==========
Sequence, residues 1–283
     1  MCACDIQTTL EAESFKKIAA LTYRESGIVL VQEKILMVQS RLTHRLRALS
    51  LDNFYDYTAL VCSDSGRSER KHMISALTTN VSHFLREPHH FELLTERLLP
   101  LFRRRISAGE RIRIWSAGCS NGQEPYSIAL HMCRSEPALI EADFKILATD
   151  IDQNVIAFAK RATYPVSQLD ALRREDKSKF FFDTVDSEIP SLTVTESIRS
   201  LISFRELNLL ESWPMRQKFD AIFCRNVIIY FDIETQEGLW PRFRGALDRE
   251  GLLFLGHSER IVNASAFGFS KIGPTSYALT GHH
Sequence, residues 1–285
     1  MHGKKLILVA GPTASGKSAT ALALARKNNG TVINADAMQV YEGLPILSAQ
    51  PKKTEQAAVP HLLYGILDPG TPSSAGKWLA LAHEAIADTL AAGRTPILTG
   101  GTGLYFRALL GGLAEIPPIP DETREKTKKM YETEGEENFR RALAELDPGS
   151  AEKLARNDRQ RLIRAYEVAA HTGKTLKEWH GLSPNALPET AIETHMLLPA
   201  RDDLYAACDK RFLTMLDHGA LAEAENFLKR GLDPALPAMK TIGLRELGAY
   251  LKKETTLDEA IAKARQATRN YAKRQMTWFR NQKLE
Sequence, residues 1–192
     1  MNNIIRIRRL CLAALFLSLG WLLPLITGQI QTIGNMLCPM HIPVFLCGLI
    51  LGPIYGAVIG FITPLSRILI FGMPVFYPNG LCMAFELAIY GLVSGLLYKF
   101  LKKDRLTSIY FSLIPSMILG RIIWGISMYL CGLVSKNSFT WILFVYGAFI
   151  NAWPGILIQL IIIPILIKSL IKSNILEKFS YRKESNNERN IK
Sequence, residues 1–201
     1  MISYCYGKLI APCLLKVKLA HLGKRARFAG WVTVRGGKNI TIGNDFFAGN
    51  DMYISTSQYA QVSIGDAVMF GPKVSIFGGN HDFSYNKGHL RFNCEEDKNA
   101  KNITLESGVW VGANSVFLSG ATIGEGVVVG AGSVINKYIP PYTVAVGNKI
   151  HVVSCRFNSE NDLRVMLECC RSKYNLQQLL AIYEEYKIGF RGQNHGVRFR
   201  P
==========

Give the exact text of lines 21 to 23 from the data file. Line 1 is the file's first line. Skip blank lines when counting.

     1  MISYCYGKLI APCLLKVKLA HLGKRARFAG WVTVRGGKNI TIGNDFFAGN
    51  DMYISTSQYA QVSIGDAVMF GPKVSIFGGN HDFSYNKGHL RFNCEEDKNA
   101  KNITLESGVW VGANSVFLSG ATIGEGVVVG AGSVINKYIP PYTVAVGNKI